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What Happens After Migrants Sign Up on the CBP One App? For Some, It's the Streets.

Townhall Media/Julio Rosas

EL PASO, Texas — The CBP One app has been used by the Biden administration as a tool to combat the historically high number of illegal crossings along the U.S.-Mexico border, allowing up to 30,000 Cubans, Haitians, Nicaraguans, and Venezuelans a month to set up an appointment to be allowed into the U.S. through parole.

Those of the aftermentioned nationalities caught illegally crossing the border are not allowed to be part of the program. The Biden administration has claimed progress at the southern border by pointing to the significantly decreasing number of those nationalities illegally crossing. Once processed, the immigrants are given documentation to allow them to travel to their final destination. They are given a notice to appear for an immigration judge at a future date to continue their asylum claims.

In downtown El Paso, gone are the hundreds of people sleeping out on the cold streets, which was due to local shelters not having enough space and later was the result of them not having the documentation that allowed them to use the shelters since they did not turn themselves in to Border Patrol. Instead, outside Sacred Heart Church, around 50 Venezuelans waited for the church to open its doors so they could sleep there for the night.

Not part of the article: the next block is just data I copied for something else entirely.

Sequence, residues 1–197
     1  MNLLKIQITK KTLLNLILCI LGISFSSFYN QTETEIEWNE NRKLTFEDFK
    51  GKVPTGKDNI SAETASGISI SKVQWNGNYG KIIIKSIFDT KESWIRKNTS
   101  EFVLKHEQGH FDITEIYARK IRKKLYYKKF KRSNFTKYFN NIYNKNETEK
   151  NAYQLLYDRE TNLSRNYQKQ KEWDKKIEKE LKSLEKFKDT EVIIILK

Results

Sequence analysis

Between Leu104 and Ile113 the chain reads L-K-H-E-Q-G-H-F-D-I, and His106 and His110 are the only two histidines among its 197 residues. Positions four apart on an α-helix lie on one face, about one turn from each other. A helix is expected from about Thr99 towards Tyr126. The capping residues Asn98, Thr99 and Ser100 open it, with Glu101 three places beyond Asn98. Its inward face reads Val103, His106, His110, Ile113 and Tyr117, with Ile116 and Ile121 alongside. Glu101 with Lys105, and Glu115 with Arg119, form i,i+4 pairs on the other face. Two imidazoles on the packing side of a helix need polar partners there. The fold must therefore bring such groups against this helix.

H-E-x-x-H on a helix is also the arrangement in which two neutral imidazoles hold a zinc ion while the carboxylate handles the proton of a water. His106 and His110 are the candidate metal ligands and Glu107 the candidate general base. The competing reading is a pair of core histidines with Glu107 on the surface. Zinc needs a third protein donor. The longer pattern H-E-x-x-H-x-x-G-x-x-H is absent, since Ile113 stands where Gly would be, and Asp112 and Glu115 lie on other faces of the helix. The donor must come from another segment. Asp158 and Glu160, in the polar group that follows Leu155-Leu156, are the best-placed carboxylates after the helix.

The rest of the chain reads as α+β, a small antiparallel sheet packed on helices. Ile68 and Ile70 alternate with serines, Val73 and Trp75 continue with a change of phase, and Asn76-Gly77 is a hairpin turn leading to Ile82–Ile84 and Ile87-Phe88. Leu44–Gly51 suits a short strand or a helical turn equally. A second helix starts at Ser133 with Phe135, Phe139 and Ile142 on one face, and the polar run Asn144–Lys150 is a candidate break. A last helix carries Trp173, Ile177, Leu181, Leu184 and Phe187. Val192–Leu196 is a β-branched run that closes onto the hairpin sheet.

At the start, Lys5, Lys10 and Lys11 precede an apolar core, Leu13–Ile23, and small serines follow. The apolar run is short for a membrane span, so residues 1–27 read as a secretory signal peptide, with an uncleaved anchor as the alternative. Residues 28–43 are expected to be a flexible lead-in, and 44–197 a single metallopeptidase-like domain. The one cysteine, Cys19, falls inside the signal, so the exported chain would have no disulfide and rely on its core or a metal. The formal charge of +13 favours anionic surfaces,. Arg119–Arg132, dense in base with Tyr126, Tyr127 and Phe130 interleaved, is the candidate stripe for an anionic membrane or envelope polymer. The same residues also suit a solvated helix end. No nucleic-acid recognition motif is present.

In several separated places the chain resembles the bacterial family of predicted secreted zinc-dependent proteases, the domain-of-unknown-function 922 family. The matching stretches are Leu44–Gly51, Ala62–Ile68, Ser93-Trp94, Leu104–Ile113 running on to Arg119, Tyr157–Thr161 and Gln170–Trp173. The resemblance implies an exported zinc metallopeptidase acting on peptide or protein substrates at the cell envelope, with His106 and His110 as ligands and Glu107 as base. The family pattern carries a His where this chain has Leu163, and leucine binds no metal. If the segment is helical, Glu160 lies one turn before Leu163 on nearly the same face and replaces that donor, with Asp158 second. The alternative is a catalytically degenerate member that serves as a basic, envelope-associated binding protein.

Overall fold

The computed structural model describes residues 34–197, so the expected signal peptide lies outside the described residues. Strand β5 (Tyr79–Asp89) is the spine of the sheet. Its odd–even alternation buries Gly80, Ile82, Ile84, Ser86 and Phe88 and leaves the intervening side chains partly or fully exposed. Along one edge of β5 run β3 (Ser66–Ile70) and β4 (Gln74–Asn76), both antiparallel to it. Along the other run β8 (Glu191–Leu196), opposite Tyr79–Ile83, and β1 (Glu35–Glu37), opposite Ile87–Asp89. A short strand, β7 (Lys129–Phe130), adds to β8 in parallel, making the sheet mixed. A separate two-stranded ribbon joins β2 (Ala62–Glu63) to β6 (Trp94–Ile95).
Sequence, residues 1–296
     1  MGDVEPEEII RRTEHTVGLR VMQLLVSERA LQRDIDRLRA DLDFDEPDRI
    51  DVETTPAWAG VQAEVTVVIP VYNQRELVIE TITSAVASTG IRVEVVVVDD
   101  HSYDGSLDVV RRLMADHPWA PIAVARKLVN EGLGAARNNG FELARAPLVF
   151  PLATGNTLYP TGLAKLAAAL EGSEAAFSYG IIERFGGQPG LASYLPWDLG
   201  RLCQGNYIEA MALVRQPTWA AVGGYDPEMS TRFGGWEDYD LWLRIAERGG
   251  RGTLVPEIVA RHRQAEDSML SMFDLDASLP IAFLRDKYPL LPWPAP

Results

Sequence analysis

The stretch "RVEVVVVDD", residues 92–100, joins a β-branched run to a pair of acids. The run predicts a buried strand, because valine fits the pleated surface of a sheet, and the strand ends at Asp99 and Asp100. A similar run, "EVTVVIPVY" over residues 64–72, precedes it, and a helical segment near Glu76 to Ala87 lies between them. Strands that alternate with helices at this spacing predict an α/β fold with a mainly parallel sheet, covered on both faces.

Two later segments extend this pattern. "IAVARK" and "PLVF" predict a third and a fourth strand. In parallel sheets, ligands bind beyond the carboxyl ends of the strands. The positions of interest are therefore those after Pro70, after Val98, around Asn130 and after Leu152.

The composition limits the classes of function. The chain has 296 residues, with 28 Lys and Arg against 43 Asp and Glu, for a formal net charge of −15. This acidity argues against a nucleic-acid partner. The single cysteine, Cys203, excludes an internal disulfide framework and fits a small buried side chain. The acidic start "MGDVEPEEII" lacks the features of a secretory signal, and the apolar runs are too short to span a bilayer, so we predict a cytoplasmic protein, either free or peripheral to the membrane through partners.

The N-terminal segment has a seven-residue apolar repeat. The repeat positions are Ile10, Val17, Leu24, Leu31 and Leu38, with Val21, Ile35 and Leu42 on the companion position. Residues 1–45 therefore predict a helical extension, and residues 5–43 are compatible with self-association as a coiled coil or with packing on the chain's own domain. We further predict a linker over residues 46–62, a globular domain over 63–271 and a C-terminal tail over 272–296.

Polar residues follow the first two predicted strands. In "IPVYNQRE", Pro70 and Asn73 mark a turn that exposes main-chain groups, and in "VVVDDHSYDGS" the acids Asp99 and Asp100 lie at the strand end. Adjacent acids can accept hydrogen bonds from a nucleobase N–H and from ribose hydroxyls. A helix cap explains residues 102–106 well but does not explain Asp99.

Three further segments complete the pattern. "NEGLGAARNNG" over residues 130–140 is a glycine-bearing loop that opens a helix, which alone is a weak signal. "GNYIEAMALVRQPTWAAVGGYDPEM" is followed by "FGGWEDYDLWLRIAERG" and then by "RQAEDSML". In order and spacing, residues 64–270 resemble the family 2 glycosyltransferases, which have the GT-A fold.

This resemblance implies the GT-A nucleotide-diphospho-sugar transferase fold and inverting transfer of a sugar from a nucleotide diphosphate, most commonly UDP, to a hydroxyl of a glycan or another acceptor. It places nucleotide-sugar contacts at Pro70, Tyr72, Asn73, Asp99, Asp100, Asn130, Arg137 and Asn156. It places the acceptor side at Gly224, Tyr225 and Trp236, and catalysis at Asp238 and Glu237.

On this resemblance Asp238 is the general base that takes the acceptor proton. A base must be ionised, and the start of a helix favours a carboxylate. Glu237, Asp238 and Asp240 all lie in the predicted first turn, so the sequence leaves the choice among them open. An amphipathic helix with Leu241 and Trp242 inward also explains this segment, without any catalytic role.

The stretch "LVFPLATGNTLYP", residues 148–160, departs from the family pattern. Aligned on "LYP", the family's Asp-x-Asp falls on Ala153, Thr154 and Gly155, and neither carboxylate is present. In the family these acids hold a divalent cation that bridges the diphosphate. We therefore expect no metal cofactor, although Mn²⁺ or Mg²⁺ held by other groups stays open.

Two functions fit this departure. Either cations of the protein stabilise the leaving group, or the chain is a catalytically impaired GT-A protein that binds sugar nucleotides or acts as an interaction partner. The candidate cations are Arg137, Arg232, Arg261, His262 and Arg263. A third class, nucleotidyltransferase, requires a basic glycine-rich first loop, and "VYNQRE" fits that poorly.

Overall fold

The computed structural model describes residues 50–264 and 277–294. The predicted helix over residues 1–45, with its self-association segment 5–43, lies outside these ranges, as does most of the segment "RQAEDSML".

Those I spoke to said they had entered El Paso by using the CBP One app. They had the documentation to travel but did not have the money to continue their journey. So, for now, they are stuck, trapped in limbo as they figure out their next move.

Gabriel, an 18-year-old whose parents were still in Venezuela, said he was trying to reach Denver to go to his sister. Mike was with his wife and two small children. He asked how much an airplane ticket to New York City would cost for his family. After looking on Google, I told him it was over $1,400. One man showed me his paperwork. The documentation, complete with a pamphlet that said "Welcome to the United States," said he had to report to an immigration judge by September of this year in Atlanta. I asked him if he knew where the city was, and he said he did not. I then showed him how far away Atlanta was from El Paso on Google Maps. (By car, it's over 20 hours.)

Townhall Media/Julio Rosas

In other instances, I have seen migrants on the street try to pass the time by talking, playing music on portable speakers, and watching their children playing with other kids. 

The scene outside the church was similar to what I witnessed in December. Though the circumstances were slightly different, the end result was still the same: Migrants not having the money to leave El Paso and spending time on the streets. Granted, the scale of the issue is much better for the city to handle, but women with small children were still out in the cold during the day. There are also reports of the app constantly crashing or not working properly. The Department of Homeland Security insists it is a misunderstanding, explaining that when people think the app is broken, it tells them it has reached its daily limit, according to the Washington Post.

In the end, it feels like the situation at the border takes one step forward, only to then take two steps back. It also remains to be seen what will happen should Title 42 go away, for good this time, later this year. The other nationalities who do not qualify for the CBP One app are waiting in Mexico by the thousands for something to change.


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